Friday, August 10, 2012

Hamstringing My Story

by Lucy Marsden

I don't know exactly how it happens, but the cycle goes something like this:

1) I get an idea for an approach to a story that I spend a lot of time developing, and that I become very invested in. Once this happens, I no longer see the approach as one among many possible choices for the given story dynamic; it just is.

2) I attempt to implement the approach, but either a) the approach is inherently broken, or b) I personally don't have the chops to pull it off. In any case, the end result is that I completely gum up the action or character development, bogging the entire story down.

3) I don't question the chosen approach, because it has become invisible to me. Instead, I just continue to do whatever I've been doing harder, becoming increasingly frustrated and demoralized.

4) I lather, rinse, repeat.

5) Eventually, by the grace of the gods (or some kind but pointed remarks from my critique partner, who is fatigued by all the wailing and gnashing of teeth), I realize—to take an instance at random—"Wow, if I stop insisting that this book is the first in a series about four roommates, all of whom will use this first scene as the jumping off point for their own stories, and I allow the book to about a particular heroine whose story crosses paths with the others in the series in a fun, but non-strangling fashion, this could totally work!"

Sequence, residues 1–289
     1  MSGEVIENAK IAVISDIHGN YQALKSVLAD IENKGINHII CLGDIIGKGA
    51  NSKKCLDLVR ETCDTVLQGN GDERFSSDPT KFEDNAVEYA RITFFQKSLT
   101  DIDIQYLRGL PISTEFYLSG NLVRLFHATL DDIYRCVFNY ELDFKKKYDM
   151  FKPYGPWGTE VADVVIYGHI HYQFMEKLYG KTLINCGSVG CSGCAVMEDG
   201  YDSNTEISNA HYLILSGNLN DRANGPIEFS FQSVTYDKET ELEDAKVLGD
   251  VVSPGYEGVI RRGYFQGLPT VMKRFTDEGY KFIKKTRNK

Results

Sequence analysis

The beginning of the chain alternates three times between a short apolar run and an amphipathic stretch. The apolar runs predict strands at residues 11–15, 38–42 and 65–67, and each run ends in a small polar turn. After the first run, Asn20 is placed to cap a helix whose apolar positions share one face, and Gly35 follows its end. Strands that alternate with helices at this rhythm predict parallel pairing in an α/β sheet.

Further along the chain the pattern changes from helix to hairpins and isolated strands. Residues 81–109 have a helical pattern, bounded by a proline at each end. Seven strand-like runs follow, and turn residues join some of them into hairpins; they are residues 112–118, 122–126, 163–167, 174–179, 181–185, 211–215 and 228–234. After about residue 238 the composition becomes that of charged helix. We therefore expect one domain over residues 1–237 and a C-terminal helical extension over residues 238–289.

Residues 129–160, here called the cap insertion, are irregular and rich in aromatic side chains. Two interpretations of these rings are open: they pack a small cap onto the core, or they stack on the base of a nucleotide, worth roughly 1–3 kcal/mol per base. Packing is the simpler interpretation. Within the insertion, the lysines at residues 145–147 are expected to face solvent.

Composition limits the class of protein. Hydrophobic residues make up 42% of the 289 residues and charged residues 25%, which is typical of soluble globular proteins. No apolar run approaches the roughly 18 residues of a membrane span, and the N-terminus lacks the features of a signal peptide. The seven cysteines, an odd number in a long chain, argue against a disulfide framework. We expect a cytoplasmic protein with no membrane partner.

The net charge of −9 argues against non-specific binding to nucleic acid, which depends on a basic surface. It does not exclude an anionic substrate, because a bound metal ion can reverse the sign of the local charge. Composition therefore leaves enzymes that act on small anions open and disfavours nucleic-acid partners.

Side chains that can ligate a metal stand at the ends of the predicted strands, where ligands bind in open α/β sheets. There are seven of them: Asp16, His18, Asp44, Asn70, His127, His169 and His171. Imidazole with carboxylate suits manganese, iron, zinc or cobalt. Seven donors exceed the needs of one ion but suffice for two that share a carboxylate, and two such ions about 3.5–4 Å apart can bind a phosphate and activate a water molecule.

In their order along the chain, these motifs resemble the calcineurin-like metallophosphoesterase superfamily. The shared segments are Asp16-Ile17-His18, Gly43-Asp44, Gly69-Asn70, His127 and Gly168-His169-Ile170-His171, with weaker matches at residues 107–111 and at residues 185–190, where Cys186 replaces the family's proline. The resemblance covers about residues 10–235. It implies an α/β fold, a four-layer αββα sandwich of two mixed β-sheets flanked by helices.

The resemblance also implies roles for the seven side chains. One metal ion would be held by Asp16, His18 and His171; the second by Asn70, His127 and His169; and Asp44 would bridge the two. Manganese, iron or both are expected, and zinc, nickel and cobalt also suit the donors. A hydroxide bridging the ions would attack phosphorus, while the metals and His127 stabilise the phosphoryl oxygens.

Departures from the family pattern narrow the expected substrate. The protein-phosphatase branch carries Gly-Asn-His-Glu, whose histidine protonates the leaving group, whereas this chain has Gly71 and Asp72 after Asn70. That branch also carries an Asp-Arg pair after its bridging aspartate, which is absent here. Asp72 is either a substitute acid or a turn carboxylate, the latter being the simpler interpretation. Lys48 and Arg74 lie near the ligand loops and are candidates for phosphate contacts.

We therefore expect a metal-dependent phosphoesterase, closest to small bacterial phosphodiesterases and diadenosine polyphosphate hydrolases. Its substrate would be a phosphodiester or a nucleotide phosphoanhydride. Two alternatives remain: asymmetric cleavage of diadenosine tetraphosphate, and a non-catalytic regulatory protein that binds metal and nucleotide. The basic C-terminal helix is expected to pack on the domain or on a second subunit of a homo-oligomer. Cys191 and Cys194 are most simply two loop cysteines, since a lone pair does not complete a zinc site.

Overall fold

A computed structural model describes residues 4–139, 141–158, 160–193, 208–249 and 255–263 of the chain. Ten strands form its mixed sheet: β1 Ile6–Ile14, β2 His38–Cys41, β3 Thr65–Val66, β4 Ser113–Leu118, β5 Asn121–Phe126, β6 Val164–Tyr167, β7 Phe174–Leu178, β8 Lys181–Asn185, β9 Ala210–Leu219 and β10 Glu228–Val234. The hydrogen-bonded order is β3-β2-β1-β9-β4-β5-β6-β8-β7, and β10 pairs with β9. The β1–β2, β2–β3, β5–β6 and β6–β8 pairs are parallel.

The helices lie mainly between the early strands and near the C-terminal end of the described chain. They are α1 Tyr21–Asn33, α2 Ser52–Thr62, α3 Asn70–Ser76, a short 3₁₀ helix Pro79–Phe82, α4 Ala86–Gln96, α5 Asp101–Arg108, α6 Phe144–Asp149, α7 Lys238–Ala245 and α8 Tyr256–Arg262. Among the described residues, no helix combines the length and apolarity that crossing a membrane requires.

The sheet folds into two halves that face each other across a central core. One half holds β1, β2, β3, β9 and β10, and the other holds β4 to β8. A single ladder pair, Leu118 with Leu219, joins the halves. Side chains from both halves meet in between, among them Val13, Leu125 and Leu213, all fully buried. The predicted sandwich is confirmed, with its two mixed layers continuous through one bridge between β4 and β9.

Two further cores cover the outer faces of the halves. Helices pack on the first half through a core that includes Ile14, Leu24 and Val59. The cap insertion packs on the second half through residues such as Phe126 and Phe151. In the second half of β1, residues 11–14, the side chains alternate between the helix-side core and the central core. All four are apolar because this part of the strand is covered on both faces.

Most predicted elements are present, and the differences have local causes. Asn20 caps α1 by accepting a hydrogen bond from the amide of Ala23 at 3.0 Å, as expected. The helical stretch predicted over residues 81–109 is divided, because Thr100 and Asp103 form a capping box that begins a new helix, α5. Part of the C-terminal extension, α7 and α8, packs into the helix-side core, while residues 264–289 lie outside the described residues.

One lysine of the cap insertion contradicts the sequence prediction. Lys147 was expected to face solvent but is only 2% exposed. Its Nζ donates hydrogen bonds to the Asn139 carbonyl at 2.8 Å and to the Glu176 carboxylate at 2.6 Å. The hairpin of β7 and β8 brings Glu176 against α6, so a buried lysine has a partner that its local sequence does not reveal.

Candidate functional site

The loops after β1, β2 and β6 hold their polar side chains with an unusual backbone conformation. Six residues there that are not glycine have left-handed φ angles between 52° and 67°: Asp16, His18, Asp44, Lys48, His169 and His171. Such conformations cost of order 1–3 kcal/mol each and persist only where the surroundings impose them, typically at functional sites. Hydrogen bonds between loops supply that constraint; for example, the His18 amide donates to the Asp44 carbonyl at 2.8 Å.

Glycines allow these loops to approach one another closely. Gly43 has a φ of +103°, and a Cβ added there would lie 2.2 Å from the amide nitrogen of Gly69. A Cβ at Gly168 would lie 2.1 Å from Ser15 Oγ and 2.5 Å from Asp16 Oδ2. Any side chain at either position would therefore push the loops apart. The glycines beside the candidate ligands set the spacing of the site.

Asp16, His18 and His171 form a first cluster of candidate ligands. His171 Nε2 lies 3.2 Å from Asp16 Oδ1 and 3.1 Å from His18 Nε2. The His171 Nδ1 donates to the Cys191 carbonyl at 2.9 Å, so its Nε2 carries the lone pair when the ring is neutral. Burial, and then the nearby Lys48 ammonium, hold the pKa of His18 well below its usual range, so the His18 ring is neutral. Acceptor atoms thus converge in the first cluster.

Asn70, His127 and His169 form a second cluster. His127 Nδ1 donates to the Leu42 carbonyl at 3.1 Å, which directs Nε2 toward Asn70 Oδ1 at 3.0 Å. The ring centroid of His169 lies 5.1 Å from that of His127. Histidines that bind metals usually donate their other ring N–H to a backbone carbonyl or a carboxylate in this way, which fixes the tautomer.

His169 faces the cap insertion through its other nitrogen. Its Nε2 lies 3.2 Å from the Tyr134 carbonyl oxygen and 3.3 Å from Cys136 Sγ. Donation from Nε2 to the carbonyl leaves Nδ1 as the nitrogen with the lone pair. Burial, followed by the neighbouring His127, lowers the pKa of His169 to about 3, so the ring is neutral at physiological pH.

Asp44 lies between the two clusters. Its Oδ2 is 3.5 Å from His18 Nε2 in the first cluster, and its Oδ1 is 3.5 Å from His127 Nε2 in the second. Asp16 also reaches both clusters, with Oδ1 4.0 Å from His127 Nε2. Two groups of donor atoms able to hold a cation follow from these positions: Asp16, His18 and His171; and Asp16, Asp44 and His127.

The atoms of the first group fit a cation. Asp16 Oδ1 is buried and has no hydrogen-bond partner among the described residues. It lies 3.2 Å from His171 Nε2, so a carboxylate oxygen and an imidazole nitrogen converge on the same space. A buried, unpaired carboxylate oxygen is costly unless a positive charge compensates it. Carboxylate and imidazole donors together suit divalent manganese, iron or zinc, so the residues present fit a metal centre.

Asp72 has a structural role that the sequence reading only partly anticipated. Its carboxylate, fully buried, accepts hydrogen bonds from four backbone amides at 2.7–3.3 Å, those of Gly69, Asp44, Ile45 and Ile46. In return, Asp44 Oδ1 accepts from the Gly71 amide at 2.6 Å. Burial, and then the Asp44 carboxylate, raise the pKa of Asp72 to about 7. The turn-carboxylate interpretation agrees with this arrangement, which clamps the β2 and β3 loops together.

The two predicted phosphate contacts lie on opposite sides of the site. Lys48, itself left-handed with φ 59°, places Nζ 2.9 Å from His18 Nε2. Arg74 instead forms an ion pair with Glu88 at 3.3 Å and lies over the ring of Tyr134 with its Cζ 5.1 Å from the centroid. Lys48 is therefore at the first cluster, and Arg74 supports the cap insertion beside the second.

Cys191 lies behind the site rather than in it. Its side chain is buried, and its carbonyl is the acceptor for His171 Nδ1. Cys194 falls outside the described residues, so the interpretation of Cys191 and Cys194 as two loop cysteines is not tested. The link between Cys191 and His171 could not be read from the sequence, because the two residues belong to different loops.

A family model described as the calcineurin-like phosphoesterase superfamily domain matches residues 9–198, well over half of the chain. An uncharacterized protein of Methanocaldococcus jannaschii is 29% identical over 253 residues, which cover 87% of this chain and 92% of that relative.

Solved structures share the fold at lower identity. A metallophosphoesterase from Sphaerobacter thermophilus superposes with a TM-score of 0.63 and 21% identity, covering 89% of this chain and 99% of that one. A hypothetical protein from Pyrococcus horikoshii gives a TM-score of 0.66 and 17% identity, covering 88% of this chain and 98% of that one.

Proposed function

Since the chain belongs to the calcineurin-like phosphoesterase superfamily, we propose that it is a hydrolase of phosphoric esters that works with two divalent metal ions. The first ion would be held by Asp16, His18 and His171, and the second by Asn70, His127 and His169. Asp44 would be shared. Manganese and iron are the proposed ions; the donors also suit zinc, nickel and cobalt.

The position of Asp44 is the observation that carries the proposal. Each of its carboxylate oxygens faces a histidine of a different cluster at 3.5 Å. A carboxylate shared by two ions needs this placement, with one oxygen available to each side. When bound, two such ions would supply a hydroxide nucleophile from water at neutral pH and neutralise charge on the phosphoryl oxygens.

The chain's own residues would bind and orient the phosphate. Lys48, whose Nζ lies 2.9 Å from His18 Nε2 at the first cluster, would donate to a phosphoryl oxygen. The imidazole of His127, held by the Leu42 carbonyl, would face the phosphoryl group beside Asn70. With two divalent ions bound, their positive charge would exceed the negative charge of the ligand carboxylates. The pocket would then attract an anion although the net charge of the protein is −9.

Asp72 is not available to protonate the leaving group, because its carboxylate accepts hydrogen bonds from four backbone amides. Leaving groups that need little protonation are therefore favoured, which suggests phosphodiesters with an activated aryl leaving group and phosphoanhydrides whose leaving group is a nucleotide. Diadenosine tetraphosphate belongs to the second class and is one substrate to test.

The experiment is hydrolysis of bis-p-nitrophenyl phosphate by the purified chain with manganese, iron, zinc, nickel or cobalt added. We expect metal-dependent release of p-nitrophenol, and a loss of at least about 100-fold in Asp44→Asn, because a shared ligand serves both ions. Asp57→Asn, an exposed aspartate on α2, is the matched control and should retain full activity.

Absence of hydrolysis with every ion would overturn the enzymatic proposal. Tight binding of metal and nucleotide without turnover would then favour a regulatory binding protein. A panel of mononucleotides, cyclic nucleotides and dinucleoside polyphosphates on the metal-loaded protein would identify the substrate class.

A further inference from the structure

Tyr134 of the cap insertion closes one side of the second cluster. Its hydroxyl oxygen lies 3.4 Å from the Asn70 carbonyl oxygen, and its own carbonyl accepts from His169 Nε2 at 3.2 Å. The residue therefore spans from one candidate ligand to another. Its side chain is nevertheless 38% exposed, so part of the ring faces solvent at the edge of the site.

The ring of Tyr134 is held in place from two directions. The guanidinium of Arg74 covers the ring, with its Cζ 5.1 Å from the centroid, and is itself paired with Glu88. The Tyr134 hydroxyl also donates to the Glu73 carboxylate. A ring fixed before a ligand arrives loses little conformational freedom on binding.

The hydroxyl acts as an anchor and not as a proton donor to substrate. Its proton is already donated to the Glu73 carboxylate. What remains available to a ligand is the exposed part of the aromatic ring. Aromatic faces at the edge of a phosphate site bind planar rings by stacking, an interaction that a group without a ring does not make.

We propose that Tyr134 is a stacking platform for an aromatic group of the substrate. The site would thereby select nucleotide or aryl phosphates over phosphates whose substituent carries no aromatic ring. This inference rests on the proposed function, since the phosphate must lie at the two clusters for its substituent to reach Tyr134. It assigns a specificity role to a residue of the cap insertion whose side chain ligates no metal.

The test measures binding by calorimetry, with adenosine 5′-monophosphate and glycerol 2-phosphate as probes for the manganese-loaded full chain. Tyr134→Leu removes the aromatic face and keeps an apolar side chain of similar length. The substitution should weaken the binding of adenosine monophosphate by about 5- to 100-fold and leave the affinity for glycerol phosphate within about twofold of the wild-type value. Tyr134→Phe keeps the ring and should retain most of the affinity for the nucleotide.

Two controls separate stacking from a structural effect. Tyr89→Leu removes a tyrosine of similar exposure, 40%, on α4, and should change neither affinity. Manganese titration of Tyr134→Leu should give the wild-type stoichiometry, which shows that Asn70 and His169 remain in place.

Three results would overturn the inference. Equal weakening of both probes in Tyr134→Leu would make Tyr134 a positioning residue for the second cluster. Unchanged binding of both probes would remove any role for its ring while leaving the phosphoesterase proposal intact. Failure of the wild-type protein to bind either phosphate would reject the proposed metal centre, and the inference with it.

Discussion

6) I call my writing buddies to discuss, once again, the warning signs of early-onset dementia, but decide that, given my baseline, it's going to be a tough call.

Am I alone in this bone-headedness? Please drop in with tales of how you, too, practically beat your story to death by insisting on a certain approach to it. (If you've never had this experience before, kindly have the common courtesy to make something up. Thank you.)

Lucy Marsden is a romance writer living in New England. When she’s not backstage at a magic show or crashing a physics picnic, she can be found knee-deep in the occult collection of some old library, or arguing hotly about Story.


Jemi Fraser said...

You are not alone! I tried really, really hard to make one story more of a thriller with hard edged suspense. It stunk. When I lightened up and let the characters dictate more it became a much stronger story. I'm learning to listen to them more :)

Luce said...

Hey, Jemi--

I think what's embarrassing for me is that the fix is usually so simple, you know?

Well, actually, maybe that's not a fair assessment; with the current MS, I had to change a major assumption about how the series would be connected. But once I did that, it freed up this book to begin in whatever way it needed to begin, and the relief was STUPENDOUS.

*Sigh* I think (as you've suggested) character-driven stories are the way to go; plotting kills me every time...

Calista Taylor said...

Plotting? What's plotting? I think I take things to the other extreme. I let my characters and story meander where they want to go, and as a result we end up wandering around aimlessly. *sigh* I guess that's what edits are for.

petemorin said...

My problems were more mundane. First, the old lady who was supposed to tell me what the ending was went off on extended holiday. When she finally got back, all fo the characters got into an extended, high volume dispute over their respective fates.

Whitney Soup said...

yup - that's more or less how the creative process goes

Luce said...

Pete, I envy you; I'd love it if my characters would take the driver's seat. The grass is always greener, I guess!

Whitney: I know, I know. It still leaves me feeling like a fruitcake, though.

Christine Rains said...

You're not alone! I like to start stories on a high note and take it fast from there, but sometimes a story needs a different beginning and it's difficult for me to let that go.

Jean Oram said...

Yep. I've had my characters do some things that have turned the story on me. Or realized I made great leaps and now have holes to fill. Yep. Yep. Yeeeeep.